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The fashion designer.


Fashion is not usually synonymous with ethics, but May Cortazzi is working hard to change that perception.


After May graduated from Northumbria University — an established fashion university in the UK that is difficult to enter — her streetwear collection was selected to show at London Graduate Fashion Week. She caught the attention of the industry, helping to launch her career.


After working for established brands like Boxfresh, Maharishi and Maria Chen, May was offered a design role from Bono — of U2 fame — and his label Eden, which specialised in eco-fashion. It was here she discovered that it was possible to combine fashion with making a difference.


Life-Changing India


“I decided to move to India and work for an NGO — the Barli Institute For Rural Women. I dedicated my time to training women who live in severe poverty and teaching them tailoring, embroidery, batik and other skills to make money to survive. “I became active in ethical fashion from living in India and seeing the poverty and exploitation within the industry. I knew I wanted to work in fashion but I wanted work in an industry with more purpose, by finding a way of working that didn’t exploit anyone and was more environmentally conscious.”


In India, she was awarded a scholarship to complete a Master of Arts in fashion design and marketing, specialising in ethical and eco-fashion, where she created a line of men’s streetwear and tailoring made from organic bamboo, hemp and cotton.


May returned to the UK and set up her own creative collective space, art gallery and fashion label while lecturing in fashion styling, business and design. “I was nominated by the British Council as a fashion entrepreneur and ambassador for my work in the UK at London Fashion Week, and sent to Madrid and Indonesia to help train and develop the industry.”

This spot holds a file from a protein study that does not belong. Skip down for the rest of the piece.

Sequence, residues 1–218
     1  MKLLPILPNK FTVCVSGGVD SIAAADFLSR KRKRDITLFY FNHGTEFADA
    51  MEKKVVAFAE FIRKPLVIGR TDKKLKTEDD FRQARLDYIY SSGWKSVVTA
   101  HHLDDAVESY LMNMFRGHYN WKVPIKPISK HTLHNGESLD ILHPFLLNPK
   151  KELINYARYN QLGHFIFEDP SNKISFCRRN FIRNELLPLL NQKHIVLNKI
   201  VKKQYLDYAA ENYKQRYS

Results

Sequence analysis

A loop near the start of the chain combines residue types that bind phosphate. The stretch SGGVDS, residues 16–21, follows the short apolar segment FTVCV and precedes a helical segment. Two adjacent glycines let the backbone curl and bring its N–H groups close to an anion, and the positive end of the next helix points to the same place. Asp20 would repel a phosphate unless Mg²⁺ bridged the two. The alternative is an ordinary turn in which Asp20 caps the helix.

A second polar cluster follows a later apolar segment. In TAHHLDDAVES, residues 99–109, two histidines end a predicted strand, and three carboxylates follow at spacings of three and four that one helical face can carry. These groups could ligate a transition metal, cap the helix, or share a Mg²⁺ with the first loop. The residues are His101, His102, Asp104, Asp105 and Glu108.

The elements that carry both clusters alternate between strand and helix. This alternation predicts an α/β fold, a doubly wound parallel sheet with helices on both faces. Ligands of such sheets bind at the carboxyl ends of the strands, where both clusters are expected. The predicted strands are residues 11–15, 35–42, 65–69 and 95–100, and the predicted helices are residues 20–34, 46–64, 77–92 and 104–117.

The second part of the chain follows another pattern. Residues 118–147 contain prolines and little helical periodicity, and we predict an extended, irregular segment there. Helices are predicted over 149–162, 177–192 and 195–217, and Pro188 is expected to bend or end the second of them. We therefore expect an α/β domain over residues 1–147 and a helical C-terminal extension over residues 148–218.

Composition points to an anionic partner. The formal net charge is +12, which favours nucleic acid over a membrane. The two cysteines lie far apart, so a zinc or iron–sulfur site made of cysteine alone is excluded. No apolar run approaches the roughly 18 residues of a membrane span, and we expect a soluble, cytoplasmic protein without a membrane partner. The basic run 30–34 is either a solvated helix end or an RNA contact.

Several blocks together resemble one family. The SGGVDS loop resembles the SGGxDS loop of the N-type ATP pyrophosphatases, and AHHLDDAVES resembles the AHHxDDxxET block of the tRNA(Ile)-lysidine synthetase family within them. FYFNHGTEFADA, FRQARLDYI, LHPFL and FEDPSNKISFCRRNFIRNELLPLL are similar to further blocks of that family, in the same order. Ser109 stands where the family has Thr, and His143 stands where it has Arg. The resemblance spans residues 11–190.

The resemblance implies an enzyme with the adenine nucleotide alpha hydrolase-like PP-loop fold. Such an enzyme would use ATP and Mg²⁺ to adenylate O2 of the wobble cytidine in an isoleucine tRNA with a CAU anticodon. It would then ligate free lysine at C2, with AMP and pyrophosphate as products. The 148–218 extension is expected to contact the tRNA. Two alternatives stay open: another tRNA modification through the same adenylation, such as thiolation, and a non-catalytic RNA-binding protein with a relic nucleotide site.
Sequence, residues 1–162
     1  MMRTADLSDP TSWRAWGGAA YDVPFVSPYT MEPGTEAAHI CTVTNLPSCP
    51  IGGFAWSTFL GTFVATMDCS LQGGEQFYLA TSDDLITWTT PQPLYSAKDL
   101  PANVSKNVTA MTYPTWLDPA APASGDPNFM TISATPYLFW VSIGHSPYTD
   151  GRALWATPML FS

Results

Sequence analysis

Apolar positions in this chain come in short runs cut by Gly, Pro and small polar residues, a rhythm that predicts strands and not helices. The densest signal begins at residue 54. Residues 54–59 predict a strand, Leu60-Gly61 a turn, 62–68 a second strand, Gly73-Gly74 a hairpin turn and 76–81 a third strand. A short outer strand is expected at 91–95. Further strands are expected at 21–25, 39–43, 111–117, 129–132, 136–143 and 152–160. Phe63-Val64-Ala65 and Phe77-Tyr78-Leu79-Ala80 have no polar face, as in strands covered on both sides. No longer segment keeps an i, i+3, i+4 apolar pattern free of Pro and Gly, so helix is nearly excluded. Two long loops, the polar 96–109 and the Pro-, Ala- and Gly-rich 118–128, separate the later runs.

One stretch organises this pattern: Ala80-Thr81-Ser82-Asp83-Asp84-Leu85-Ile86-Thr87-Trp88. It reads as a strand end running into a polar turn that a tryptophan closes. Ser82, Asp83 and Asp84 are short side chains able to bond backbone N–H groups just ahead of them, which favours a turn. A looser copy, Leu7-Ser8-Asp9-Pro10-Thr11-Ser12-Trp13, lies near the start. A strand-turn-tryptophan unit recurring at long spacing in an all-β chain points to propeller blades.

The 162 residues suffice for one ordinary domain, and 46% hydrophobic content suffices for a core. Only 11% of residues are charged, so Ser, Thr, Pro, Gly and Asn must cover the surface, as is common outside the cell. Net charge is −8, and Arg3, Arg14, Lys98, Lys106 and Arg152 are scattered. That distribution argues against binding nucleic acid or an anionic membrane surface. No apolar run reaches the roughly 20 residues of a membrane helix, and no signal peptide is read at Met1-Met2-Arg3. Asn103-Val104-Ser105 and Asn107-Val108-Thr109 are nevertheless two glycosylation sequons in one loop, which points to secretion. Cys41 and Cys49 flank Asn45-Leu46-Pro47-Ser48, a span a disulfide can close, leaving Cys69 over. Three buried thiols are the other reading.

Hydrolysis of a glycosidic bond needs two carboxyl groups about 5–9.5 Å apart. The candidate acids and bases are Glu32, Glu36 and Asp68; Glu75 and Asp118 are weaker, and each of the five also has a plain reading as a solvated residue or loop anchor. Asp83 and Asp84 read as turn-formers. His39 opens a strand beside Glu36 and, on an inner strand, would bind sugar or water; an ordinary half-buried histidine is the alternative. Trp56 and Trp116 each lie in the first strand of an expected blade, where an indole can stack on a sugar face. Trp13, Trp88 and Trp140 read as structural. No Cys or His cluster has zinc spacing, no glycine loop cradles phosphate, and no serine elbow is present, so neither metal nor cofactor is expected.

Vibrant Vietnam


Offered a three-month job at the London College of Fashion and Design in Hanoi, six years later May is still here.


Her work in Hanoi is focused on developing the fashion industry — training designers, large businesses and companies about design, fabrics, quality and branding. “In some ways, I’m making a larger impact here [with disadvantaged youth and women] through the number of designers and companies I’ve worked with and what I’m doing.


“Fashion is a powerful industry here in Vietnam. It can be used in amazing ways to enrich people’s lives and harness traditional techniques, which may be lost if we don’t create sustainable and ethical businesses to support workers and train them. And it’s so easy here to buy fabric, make your own clothes and pay a tailor a fair price. You can control your own fashion process.”


Seeing others flourish and succeed is where May finds purpose. “Many designers I have taught have gone on to develop sustainable, ethical and eco-brands, or are young pioneers in the fashion industry.


She adds: “I love the fast pace of Vietnam, and as fast as you can think of an idea, you can make it happen. I’m inspired by empowering people to dream big and make their vision come true.


“Right now, I have three jobs, my organic skincare brand Happiness Beauty & Skincare, which will be extended to fashion and lifestyle. I work as a consultant/creative director for a Vietnamese fashion brand. I am also a freelance fashion designer and business consultant, and produce catwalk shows in Hanoi.”


Boho-Beach Chic


May is hesitant to call herself a Bohemian, preferring the term boho-beach chic. “The place I feel happiest is by the ocean. It makes me feel balanced, and when I see the blue skies meet and kiss the ocean, it feeds my soul.”


Selective in the friendships she nurtures, May surrounds herself with those who have similar values, creative and empowering individuals who don’t take advantage of her energy or devalue her purpose.


“You can only be the best version of yourself by trying to find balance, and through attracting the right tribe. I think who you spend time with has a massive influence on how productive and happy you are, and how wholesome you feel. Where attention goes, energy flows.”

Photos by Julie Vola


To read the other articles in this series, click on the following links:


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Diane Lee

Diane Lee is a fifty-something Australian author who quit her secure government job in 2016 because she was dying of boredom and wanted an adventure. Taking a risk and a volunteering job, she escaped to Hanoi and hasn’t regretted it. At all. Diane now works part-time for a social enterprise, and as freelance writer and editor. One day she hopes to marry an Irish or Scottish man named Stan.


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